In this bitter cold, you want to keep your kids bundled up and get them in and out of their car seats as quickly as possible. But safety experts say if you're buckling them in with a bulky coat, your children may not be as safe as you think.
"Bulky coats or snowsuits are not advised in the car seat," said Erica Surman, a certified child passenger safety technician at Beaumont Children's Hospital. "The reason is you want to get the car seat straps as tight as possible to the child, so that it keeps them secure in the car."
Although most parents we asked did't seem to be aware of the "no coats" rule, Surman said it's actually written in the manual for most car seats.
"I never, never heard of this," said Zachary Walsh, a Royal Oak father of two, with another baby on the way.
Walsh has years of experience buckling up 5-year-old Beckett and 3-year-old Emmett, but never knew coats could be a concern.
"It's cold outside, you're trying to protect your kids by bundling them up," said Walsh.
He agreed to let Emmett demonstrate the problem.
First, Surman put Emmett in his car seat wearing his winter coat. She did something called the "pinch test" to make sure there isn't any slack in the straps.
"We check the 'pinch test' over at the shoulder," said Surman. "We shouldn't be able to pinch here."
Next, Surman took off Emmett's bulky coat, leaving him in a thin fleece instead. She put him back in the car seat, without readjusting the straps.
So how much space was his coat taking up? A lot. Enough to fit a teddy bear between Emmett and the straps.
"There's quite a bit of slack. What we thought was tight is actually not tight at all," said Surman. "There's so much slack, in fact, his little buddy Beau the bear could ride along with him."
Experts say in a crash, your child's puffy winter coat will compress, making the car seat straps far too loose.
"Just like when you push down on a down comforter and you can flatten it, or when you use a vacuum seal, you can see that you're taking out all the air," said Surman. "In a bad accident, all that momentum will compress (the coat) into just something very thin."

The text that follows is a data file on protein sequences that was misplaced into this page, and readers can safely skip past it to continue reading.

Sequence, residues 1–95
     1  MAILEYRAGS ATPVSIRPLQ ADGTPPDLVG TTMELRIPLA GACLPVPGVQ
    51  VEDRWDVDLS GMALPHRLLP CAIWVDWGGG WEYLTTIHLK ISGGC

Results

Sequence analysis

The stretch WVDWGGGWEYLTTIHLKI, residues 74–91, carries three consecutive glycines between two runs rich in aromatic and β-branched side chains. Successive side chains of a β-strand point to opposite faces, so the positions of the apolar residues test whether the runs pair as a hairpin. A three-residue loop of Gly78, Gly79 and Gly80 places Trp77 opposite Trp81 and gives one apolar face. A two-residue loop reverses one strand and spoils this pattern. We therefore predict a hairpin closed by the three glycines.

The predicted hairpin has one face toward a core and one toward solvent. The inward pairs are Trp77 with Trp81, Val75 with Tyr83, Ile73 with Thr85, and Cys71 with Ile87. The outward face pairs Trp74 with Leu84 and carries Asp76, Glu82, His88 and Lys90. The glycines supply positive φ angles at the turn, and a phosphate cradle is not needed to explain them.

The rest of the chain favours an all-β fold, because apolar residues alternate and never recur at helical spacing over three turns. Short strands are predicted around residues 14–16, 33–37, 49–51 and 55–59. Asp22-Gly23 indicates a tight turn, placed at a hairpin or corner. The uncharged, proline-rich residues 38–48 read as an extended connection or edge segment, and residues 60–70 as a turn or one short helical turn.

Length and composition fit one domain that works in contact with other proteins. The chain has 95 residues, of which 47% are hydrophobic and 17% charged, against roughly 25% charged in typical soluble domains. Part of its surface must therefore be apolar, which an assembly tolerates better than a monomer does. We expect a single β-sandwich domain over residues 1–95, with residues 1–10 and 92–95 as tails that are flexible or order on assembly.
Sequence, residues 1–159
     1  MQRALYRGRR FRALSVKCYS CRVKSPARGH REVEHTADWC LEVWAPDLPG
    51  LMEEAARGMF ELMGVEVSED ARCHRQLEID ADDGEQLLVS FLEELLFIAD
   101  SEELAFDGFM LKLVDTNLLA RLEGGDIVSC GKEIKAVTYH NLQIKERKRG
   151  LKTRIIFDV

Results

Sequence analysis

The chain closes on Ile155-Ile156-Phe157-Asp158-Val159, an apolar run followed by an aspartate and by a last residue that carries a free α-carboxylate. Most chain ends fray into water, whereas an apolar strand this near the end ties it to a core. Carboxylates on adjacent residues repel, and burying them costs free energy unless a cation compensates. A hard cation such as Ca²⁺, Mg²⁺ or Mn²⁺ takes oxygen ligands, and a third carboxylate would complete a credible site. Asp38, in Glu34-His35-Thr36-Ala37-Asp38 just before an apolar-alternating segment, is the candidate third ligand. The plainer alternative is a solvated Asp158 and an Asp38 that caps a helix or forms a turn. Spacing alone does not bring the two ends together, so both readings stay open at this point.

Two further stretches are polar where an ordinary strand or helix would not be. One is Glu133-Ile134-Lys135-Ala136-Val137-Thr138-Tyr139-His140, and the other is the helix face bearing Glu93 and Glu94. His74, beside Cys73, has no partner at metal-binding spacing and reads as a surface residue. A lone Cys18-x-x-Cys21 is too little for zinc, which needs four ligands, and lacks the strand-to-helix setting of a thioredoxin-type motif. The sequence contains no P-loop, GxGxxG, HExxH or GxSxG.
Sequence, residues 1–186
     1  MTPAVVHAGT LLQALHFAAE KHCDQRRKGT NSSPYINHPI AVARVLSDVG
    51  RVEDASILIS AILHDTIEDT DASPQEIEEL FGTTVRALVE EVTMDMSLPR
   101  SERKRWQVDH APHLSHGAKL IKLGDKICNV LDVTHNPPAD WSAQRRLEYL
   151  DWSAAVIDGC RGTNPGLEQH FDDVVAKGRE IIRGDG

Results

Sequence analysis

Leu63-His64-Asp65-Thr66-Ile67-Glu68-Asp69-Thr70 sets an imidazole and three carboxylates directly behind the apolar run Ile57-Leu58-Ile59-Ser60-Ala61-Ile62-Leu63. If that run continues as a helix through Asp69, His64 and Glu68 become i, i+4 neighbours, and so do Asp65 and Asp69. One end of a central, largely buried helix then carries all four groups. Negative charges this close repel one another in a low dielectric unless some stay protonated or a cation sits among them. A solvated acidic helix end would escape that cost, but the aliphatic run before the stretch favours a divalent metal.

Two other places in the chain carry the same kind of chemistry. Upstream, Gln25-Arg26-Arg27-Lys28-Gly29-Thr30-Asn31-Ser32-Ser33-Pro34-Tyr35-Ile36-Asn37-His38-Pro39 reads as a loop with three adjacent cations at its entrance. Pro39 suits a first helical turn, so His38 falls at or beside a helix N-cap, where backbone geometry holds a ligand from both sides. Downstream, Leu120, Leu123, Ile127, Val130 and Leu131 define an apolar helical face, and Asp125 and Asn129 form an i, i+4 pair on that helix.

As a result, your child could suffer serious injuries or even be ejected from the car.
"It makes a significant difference," said Dr. Kelly Levasseur, a Beaumont pediatric emergency medicine physician. "Even one inch of play in their straps could lead to significant damage, especially in the cervical spine area. That means neck injury, severe neck injury, and can lead to paralysis of arms or legs."
Levasseur said having your child properly restrained in their car seat could be the difference between them walking away from a crash unhurt or suffering severe injuries.
"It's really important to always restrain your child properly, no matter how long of the drive," said Levasseur.
The demonstration was eye-opening for Emmett's dad.
"It was impressive," said Walsh. "Sticking the bear in there and really seeing the difference that that coat makes, it's clear that just that inch or couple inches can really make a big difference."
Safety experts say this isn't just a risk for babies and toddlers. Older kids in booster seats should also not wear heavy coats.
So how can you keep your kids warm without putting them at risk?
"We usually recommend keeping their hats and their gloves on and something really warm like a fleece," said Surman.
Surman also suggested turning your child's coat around backwards and putting it on over the car seat straps or just covering them with a blanket instead.
Surman is also a mom, and she practices what she preaches with her 4 year-old daughter.